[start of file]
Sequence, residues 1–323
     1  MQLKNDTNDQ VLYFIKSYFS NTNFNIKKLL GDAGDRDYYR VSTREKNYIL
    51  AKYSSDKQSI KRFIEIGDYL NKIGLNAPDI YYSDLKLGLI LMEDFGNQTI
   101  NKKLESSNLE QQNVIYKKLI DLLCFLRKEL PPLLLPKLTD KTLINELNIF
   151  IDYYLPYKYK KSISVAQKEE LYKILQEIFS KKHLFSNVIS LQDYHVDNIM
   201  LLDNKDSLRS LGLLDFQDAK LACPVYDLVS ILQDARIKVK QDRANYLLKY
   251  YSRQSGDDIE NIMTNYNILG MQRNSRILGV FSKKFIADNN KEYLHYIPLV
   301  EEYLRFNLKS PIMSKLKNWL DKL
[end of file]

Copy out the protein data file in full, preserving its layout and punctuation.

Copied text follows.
Sequence, residues 1–323
     1  MQLKNDTNDQ VLYFIKSYFS NTNFNIKKLL GDAGDRDYYR VSTREKNYIL
    51  AKYSSDKQSI KRFIEIGDYL NKIGLNAPDI YYSDLKLGLI LMEDFGNQTI
   101  NKKLESSNLE QQNVIYKKLI DLLCFLRKEL PPLLLPKLTD KTLINELNIF
   151  IDYYLPYKYK KSISVAQKEE LYKILQEIFS KKHLFSNVIS LQDYHVDNIM
   201  LLDNKDSLRS LGLLDFQDAK LACPVYDLVS ILQDARIKVK QDRANYLLKY
   251  YSRQSGDDIE NIMTNYNILG MQRNSRILGV FSKKFIADNN KEYLHYIPLV
   301  EEYLRFNLKS PIMSKLKNWL DKL